The place of critical theories in film analysis: Making a case for reading films as text

  • Vincent Uche Nnamele
  • Anthony Nnalue


Film, movie, or video often used as a general term to describe series of images presented rapidly through a screen for audience pleasure has come under different scrutiny, modifications and interpretations. The earliest forms of film were created using still images spun rapidly through a wheel, but today, moving objects can now be recorded for film purposes due to technological breakthroughs. These inventions have not only increased the pleasure of the film experience, but have also increased critical questions, interpretations, concept, analyses, and judgments. Every aspect of a film, from pre-production to post-production are now been analysed critically. Each of the elements of a film can now be interpreted and read as a text. While such readings help in better understanding of the films, they also enable one to rate and categorise films. This paper seeks to interrogate the relationship between reading film as a text and the  employment of critical theories. It looks at aspects of film as a text comprising words and symbols with meanings and also interrogates how it influences film theories and critical theories. The paper concludes that subjecting film to critical theory has become imperative in order to liberate the audience from the shackles of conventionalities to enthrone individual pleasure and experience.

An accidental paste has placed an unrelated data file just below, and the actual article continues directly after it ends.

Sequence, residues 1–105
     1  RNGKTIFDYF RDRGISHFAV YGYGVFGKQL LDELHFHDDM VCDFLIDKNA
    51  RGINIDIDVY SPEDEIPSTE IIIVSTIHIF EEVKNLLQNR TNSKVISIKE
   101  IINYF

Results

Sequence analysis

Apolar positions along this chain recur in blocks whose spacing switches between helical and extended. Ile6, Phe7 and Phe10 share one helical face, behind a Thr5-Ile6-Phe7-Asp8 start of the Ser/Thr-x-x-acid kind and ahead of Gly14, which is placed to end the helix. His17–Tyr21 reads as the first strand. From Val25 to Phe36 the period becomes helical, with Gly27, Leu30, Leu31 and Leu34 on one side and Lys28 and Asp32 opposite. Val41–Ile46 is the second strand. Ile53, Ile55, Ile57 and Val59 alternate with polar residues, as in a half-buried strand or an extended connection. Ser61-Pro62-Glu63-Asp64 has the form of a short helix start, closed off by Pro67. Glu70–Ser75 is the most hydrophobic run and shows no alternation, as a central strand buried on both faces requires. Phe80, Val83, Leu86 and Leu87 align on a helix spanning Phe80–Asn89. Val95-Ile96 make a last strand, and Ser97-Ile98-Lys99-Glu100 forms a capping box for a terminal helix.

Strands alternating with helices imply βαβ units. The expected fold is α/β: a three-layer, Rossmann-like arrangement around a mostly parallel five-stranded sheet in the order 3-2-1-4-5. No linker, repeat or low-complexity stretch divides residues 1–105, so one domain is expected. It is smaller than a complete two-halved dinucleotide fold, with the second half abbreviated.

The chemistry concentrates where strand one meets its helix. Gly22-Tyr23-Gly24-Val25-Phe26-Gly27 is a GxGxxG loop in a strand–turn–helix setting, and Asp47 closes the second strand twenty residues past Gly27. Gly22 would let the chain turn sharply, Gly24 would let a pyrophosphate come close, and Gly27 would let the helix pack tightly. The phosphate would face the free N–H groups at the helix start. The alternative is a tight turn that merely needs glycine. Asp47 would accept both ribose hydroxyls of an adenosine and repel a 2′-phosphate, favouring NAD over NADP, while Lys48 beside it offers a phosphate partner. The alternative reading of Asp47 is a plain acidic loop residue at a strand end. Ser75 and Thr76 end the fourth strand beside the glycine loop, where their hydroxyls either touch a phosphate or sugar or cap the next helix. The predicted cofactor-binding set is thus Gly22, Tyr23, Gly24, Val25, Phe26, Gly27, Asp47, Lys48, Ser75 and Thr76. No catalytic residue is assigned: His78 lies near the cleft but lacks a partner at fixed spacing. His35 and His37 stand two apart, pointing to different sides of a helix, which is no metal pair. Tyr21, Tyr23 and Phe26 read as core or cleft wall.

Journal Identifiers

print ISSN: 2006-6910